Photo Courtesy of Susan Watts/Office of the City Comptroller
City Comptroller Scott Stringer
By Michael V. Cusenza
An impromptu battle of the plans erupted in the Big Apple this week as the de Blasio administration boasted Monday that it had bankrolled 25,889 residences in 2019—including 15,692 affordable homes preserved and a record-breaking 10,197 new affordable homes financed—five days after City Comptroller Scott Stringer proposed an immense five-borough strategy to “fundamentally realign New York City’s failed approach to our housing crisis.”
De Blasio administration officials also noted on Monday that the City set new records for homeless and supportive housing, securing 3,030 affordable homes for people experiencing homelessness, and 1,482 affordable homes paired with supportive services.
“We are fighting to create a City that New Yorkers can afford to call home. With every affordable apartment, we are stabilizing the lives of families across the City, but we are not stopping there,” said Mayor Bill de Blasio “From establishing the Mayor’s Office to Protect Tenants to giving New Yorkers the representation they need to fight off eviction, we have the backs of tenants as we continue to ensure that New York is the fairest city in America.”
The City Department of Housing Preservation and Development indicated on Monday that it is “making significant progress toward its goal of 300,000 affordable units by 2026…”
In November 2017, Hizzoner released “Housing New York 2.0,” laying out new tools and programs to build and preserve affordable homes for 300,000 Gotham families by 2026—up from the previously announced goal of 200,000 homes by 2024.
According to the administration, under the accelerated and expanded plan, the City will boost the number of affordable homes for seniors and families to 25,000 per year, while also increasing resources and strategies for affordable homeownership programs and not-for-profit organizations purchasing rent-regulated buildings to preserve affordability. The resources and strategies actually will help create 200,000 affordable homes two years ahead of schedule—by 2022—de Blasio said.
Stringer last Wednesday seemingly scoffed at HNY. A recent analysis by his office found that the “affordable” housing created by the de Blasio program is too expensive for as many as 435,000 of the city’s most severely rent-burdened households. Just one third of the newly-constructed housing units through the end of Fiscal Year 2019 were within the reach of extremely low and very low- income households (defined as households making 30 percent and 50 percent respectively of area median income, or $28,830 and $48,050 respectively for a family of three).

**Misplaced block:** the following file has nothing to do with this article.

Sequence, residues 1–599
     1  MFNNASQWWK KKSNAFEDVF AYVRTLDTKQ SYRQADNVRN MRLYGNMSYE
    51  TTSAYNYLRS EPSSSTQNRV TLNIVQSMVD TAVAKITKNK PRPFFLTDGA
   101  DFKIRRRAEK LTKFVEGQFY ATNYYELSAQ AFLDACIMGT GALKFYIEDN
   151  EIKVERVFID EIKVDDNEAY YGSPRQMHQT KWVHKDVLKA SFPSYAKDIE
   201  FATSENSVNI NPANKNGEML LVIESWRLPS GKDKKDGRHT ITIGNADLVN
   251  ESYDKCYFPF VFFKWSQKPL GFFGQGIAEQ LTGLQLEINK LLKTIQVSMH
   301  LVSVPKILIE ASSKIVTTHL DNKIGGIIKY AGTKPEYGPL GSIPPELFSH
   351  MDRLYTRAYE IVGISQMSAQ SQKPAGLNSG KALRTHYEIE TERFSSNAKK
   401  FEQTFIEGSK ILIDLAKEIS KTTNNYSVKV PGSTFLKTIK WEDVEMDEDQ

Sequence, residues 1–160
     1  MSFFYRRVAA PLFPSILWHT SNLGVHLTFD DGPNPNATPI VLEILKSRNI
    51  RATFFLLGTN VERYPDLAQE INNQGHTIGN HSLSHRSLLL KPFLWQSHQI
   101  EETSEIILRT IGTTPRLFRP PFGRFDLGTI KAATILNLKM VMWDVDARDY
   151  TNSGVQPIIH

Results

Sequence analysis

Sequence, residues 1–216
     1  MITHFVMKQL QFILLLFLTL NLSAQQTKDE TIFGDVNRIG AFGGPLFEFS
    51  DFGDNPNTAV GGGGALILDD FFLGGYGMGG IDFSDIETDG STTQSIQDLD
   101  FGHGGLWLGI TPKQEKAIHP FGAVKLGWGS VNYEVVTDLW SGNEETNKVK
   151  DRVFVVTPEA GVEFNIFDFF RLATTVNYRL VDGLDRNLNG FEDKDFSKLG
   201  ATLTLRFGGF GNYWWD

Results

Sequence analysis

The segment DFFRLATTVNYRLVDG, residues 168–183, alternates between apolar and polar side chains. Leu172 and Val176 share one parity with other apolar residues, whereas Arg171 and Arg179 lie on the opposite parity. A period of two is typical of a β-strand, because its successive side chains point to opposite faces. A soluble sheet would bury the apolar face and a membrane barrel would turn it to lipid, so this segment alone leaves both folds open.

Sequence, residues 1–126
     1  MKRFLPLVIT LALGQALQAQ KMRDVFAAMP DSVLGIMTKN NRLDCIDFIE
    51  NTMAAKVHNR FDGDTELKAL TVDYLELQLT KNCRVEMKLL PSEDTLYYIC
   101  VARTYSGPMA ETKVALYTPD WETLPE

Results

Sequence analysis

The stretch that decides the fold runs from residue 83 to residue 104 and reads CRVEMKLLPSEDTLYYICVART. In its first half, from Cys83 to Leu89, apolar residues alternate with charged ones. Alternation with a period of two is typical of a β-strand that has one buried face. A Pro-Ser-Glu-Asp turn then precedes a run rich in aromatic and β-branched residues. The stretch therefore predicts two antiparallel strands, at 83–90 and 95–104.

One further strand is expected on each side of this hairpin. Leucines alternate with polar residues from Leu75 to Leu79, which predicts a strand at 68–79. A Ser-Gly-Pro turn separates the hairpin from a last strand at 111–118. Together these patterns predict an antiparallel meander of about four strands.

And the comptroller’s probe also found that nearly 565,000 New York households pay over half of their income for rent, are severely overcrowded, or have been in homeless shelter for over a year. De Blasio’s plan has wasted City resources billions of dollars on inscrutable tax subsidies to real estate, on ineffective approaches to homelessness prevention, and on unrealizable paths to homeownership, according to the comptroller.
With “Housing We Need,” Stringer has proposed: a universal requirement for 25 percent permanently low-income affordable housing in all new as-of-right development with 10 or more units; an end to the longstanding 421-a tax subsidy program for developers, which, according to Stringer, costs the City more than $1.6 billion per year and has proven “highly inefficient” in its production of affordable housing.
“We need to fundamentally change the bargain between the City and the real estate industry,” he reasoned. “We can’t keep spending billions and billions and getting so little in return.”
Stringer’s plan further calls for the expansion of affordable homeownership programs; the redirection of existing capital dollars to extremely and very low-income housing construction; and the creation of a New York City land bank that would facilitate the transformation of vacant city-owned properties into affordable housing.
“The power in this approach lies in its simplicity: If you’re going to build in New York City, you will provide affordability that is sustainable,” Stringer said. “You will be part of the solution. No longer will developers be able to use affordable housing as a bargaining chip with communities.”
Stringer noted that this comprehensive housing strategy was built on six years of analyses, audits, and reports on an affordability crisis that is, he posited, “the culmination of decades of sticking our heads in the sand, of kicking the can down the road, of applying Band-Aids when we needed surgery.”
As he unveiled “Housing We Need” in Washington Heights last week, the comptroller said the time to act and “be daring” has arrived.
“The moment for piecemeal, siloed, incremental plans is long-past. In fact, I don’t believe that moment ever really existed,” Stringer said. “From creating universal affordability in every corner of every borough, to leveraging City-owned property to build the housing we need for the New Yorkers who need it most, to ending ineffectual tax giveaways to the real estate industry when we aren’t getting enough real affordable housing in return, to realizing the dream of owning a home in the greatest city in the world…let us have the courage to break the cycle and build the New York we need—finally.
“The price of entry to New York City cannot be a million-dollar condo. We must make room here for everyone,” the comptroller continued. “We came here today to ask one question: Who is New York City for? Our answer is loud and clear. This is your city, and your city cannot be bought. This is the time for action, rooted in justice for all. Our children, our neighbors, our city, and our future demand nothing less than the housing we need.”